|Table of Contents||Introduction|
The chapel is undergoing renovation to be used for social gatherings.
Department of Transportation Map of Town of Southampton showing Rev. Paul Cuffee‘s Congregationalist church as “Indian Meeting House” is located on east side of Shinnecock Canal, perhaps before moving to the west side during a later time. The map shows “Shinnecock Tribe and Indian Reserve” extending north to Peconic Bay, West to Shinnecock Canal and east to Heady Creek. 1
An 1829 map drawn by Burr shows the symbol for a church/chapel in the same location as the 1797 map. 2
The chapel was erected around this time.
The original Congregational Chapel used by Rev. Paul Cuffee, now serving as the Parish Hall, was dragged across a frozen Shinnecock Bay by members of the Shinnecock tribe.1 The other half of the “old Church” remains on the other side of Shinnecock Canal at Canoe Place.
Chapel Location Ca. 1800s
Some say that the Canoe Place Chapel was located exactly where Rev. Paul Cuffee’s grave site is currently, while others believe the church was once located closer to where it is located today. There are no records to support the fact that a chapel was ever constructed by Rev. Coffee’s grave.
An 1873 map shows the Chapel west of the canal in the woods on the King property behind the present chapel location on Canoe Place Road and not in the location of Rev. Coffee’s grave.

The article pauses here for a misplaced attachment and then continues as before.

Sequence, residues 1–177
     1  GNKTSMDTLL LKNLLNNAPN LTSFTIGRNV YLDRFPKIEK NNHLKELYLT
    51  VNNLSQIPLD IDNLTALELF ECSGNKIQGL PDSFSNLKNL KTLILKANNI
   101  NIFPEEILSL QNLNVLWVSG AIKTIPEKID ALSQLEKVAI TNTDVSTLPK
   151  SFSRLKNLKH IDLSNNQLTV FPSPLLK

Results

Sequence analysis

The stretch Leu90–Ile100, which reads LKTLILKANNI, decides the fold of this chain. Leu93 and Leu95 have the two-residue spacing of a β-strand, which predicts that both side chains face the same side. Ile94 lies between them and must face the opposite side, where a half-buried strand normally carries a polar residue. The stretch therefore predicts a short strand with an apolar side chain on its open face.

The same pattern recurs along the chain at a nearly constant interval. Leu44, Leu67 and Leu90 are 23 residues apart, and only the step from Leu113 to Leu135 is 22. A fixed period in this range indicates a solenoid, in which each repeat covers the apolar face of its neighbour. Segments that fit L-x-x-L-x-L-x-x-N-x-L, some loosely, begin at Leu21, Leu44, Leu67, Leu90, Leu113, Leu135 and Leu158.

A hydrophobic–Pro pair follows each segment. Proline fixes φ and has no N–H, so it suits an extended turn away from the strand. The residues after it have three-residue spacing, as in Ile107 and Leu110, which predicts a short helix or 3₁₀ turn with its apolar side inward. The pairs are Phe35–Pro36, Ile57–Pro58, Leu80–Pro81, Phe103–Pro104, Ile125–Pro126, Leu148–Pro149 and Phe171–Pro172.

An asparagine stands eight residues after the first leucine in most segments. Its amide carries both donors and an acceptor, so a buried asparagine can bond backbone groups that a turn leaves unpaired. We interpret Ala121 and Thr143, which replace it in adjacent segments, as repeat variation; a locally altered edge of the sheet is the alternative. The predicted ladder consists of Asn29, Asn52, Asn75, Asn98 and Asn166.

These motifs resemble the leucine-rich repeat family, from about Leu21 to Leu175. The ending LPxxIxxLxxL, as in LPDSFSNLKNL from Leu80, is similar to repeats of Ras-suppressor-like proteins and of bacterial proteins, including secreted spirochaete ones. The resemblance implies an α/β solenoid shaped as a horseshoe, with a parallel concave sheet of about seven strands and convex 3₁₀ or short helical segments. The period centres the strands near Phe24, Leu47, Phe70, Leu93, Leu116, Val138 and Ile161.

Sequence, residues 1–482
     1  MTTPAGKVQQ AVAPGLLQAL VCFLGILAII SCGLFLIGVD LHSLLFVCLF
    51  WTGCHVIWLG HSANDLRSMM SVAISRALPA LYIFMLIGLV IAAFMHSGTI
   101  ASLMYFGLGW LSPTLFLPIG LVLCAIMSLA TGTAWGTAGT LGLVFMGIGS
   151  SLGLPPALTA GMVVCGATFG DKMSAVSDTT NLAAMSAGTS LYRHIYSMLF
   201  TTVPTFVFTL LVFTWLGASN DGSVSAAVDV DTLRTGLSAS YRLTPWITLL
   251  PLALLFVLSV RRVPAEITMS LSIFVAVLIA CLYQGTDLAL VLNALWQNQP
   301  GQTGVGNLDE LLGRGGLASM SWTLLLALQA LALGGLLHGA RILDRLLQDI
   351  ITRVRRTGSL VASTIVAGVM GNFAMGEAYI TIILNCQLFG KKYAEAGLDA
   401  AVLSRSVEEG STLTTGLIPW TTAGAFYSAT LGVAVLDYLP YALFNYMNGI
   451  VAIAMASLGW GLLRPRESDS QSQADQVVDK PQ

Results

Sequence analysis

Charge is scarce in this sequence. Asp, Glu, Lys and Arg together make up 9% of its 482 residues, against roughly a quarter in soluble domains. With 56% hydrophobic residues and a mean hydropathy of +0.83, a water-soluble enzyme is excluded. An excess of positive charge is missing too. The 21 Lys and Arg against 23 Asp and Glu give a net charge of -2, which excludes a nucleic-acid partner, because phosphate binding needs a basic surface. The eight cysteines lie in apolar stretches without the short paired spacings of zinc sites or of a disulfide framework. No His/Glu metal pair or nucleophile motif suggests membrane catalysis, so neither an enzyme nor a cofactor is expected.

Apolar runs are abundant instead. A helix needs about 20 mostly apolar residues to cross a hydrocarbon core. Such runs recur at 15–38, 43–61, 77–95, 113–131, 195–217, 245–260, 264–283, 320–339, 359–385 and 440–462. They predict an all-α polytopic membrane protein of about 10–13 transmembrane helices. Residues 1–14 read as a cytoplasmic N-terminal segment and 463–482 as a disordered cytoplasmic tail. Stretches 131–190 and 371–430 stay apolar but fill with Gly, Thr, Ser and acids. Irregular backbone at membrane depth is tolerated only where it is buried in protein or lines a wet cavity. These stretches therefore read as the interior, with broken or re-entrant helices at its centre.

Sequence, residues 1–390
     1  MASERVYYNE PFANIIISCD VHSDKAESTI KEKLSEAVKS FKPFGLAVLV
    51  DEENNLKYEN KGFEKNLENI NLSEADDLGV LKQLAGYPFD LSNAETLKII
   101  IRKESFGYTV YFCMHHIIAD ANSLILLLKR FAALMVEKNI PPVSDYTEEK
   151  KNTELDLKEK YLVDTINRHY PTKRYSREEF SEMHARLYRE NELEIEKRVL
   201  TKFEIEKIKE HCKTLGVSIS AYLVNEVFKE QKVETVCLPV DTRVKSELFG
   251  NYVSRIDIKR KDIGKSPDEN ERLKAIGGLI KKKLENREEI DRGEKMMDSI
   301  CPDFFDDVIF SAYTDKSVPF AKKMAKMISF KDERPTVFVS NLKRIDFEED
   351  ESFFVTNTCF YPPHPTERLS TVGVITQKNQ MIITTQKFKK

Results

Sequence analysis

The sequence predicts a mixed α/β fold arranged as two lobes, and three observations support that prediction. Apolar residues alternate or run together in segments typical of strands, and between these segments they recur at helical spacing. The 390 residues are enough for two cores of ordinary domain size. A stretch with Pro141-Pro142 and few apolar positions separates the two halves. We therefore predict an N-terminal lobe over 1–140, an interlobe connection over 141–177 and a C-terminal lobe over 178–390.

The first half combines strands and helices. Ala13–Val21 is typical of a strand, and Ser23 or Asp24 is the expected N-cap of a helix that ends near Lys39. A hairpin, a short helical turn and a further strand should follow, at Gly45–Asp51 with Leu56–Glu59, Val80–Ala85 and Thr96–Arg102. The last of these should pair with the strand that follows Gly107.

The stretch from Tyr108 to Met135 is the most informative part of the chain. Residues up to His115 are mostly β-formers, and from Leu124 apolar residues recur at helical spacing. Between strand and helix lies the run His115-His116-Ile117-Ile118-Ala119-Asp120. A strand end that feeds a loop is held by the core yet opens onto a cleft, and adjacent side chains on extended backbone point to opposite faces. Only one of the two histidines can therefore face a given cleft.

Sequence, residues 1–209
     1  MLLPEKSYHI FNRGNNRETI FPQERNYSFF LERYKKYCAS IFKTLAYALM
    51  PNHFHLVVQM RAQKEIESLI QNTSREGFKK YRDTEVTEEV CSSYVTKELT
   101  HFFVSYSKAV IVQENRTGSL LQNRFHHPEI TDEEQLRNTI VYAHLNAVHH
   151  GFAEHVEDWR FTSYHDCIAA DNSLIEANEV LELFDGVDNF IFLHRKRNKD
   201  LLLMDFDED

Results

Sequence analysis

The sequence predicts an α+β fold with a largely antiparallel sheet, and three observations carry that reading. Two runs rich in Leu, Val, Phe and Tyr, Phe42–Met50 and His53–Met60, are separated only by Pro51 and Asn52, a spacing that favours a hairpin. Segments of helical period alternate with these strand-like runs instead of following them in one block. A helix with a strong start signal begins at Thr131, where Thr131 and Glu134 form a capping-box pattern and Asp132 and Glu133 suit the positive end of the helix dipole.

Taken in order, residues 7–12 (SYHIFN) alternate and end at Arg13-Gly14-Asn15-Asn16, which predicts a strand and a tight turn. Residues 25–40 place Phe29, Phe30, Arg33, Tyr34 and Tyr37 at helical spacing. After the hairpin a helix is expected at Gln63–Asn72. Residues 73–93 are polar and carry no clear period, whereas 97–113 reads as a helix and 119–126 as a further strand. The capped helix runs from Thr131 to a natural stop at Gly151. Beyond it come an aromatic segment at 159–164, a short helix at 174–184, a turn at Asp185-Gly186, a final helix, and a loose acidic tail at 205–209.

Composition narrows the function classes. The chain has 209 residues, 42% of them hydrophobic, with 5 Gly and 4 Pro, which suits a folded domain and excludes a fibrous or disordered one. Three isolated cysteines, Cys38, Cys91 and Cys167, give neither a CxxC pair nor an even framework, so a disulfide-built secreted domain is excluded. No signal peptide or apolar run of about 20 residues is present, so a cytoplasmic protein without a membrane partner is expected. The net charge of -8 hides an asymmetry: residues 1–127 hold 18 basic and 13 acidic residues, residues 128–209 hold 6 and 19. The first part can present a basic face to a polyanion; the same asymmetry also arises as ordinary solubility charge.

Perhaps, the chapel was never located near Rev. Coffee’s grave as the Long Island Railroad pushed through that area in the 1870’s and that would have been a reason not to place the chapel on that spot. It is speculated that the chapel located east of the canal was the structure that was divided with a portion going to the Reservation and a smaller portion “moved along the highway” to Canoe Place Road. 2
In 1943, the building received electric lights, though it has not been heavily modernized. After this time, it has been preserved by the Town of Southampton. (HBS) 3
- David Bunn Martine, Shinnecock Timeline pp. 8
- Canoe Place Chapel, History or Mystery? Hampton Bays Historical Preservation Society
- Geoffrey K. Fleming, Images of America – Hampton Bays
2006 – Town purchased land with Community Preservation Funds
2015 – Building moved to its current location on Canoe Place Road
2015 – Interior and exterior renovation began
2016 – Restoration is ongoing.
2017 – The Canoe Place Chapel is now in the final stages of completion. Restoration is expected to be completed by the third week in April.